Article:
The Coping Zone – Why does utilization affect field engineering performance?
A few years ago, I had the pleasure of managing a UK-wide field service operation with around 100 engineers and some sub-contractors providing IT hardware break-fix services to corporate customers. Typical engineering activities would range from replacing a failed monitor, through to restoring the service of a failed network server or router. The work was all reactive, with response times, fix times, and first-time completion rates being primary success factors. Daily measurements of the service operation were holistic – not just focusing on engineer utilization but also on productivity (how many jobs completed per day), efficiency (time taken to restore versus the norm), first-time completion, parts per event, and the number of visits per event. This way, monitoring how the performance of one measurement affects the others is transparent.
What was interesting to note was how the engineers’ workloads directly affected the total service quality. It’s easy to imagine that engineers with an excessively high utilization may generate a deterioration – too many jobs, engineers rushing to get through the workload, more parts used than necessary to save time but increasing costs instead of accurate diagnostics – and this is visible through the metrics. For example, high utilization (busy engineers), high productivity (busy engineers), low efficiency (not fixing the fault), increased parts per event (replace everything to get the customer restored instead of diagnosing the cause), reduced first time fix rate (engineers rushing to get through the workload and not resolving the fault correctly), and an associated downturn in customer satisfaction. The engineers are not coping with the high workload.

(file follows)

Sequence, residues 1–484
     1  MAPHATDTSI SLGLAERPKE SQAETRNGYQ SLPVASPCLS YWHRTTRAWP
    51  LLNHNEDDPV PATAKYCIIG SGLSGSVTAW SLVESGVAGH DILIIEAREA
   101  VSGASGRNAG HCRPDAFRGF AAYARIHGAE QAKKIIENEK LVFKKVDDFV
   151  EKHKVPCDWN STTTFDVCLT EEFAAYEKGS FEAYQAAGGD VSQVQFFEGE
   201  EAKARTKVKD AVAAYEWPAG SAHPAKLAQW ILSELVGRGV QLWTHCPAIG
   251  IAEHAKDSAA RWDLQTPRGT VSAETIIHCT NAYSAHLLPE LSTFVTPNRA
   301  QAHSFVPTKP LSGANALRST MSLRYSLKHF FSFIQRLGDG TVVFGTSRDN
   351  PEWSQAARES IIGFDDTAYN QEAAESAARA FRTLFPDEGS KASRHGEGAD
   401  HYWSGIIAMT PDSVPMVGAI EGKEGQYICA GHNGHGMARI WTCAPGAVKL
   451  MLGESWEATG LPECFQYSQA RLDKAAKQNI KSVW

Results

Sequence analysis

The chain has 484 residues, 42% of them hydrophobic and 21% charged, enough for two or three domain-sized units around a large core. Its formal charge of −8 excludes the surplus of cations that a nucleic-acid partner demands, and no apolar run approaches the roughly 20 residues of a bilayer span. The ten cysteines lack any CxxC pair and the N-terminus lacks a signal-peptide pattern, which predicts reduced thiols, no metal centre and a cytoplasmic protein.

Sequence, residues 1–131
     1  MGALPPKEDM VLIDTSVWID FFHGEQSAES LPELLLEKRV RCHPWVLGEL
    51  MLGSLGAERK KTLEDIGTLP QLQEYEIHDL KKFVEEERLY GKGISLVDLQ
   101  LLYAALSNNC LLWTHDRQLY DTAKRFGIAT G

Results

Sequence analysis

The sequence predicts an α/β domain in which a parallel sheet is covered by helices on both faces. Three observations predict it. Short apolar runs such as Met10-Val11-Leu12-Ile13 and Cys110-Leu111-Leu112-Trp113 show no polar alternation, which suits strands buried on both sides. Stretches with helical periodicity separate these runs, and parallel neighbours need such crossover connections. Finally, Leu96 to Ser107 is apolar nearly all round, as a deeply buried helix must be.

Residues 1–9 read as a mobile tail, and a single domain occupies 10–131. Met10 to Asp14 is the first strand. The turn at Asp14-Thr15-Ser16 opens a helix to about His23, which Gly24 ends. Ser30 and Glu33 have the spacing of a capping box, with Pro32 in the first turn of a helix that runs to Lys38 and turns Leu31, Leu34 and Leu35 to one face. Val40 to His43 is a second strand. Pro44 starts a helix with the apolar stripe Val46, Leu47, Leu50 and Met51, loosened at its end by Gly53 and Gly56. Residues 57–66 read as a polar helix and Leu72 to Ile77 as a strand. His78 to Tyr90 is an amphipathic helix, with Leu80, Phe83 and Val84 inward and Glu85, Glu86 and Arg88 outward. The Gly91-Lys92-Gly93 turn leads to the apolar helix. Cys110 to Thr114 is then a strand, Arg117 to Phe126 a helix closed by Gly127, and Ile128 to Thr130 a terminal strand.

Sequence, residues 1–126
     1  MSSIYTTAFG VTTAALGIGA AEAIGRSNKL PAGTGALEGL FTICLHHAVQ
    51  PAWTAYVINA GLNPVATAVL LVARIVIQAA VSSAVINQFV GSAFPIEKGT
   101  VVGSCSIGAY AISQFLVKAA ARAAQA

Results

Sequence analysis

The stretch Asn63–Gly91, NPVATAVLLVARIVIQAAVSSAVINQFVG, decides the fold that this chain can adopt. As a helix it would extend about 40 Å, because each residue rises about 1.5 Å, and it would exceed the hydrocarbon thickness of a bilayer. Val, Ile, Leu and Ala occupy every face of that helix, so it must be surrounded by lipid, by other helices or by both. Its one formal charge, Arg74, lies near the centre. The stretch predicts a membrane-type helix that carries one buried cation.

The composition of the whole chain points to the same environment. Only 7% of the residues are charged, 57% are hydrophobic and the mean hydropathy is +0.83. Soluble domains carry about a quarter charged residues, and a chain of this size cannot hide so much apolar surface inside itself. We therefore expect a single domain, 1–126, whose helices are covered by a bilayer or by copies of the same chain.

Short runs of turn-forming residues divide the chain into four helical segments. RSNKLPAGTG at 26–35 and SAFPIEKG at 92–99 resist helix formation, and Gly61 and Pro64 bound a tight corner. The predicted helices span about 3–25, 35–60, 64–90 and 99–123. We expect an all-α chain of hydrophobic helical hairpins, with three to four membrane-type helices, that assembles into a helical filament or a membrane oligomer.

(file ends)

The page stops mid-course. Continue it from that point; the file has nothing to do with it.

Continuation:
There’s probably no surprises there so the aim is to try and plan the number of engineers, their availability, and geographic dispersal so that a reliable, regular, and good level of service is delivered.
That’s easier said than done. Now consider this, you have planned for a certain volume of work (remember, it’s all reactive work so forecast accuracy is another challenge that’s thrown in here) but today you have enough work for just half of the engineers. So there’s low utilization, the engineers have time to operate without the pressures of being overloaded. But the same thing happens – service quality suffers because now the engineers can take too much time to resolve a simple fault, there’s no adrenalin to ‘get it done’ and move on to the next job: “I only have one more job today, so what’s the rush”? The engineers are coping too easily with the low workload – are they becoming lazy?
So how do we manage this? Too-high and too-low utilization can both harm service quality – there’s a happy and efficient medium to be found. But where and how? Let’s discuss…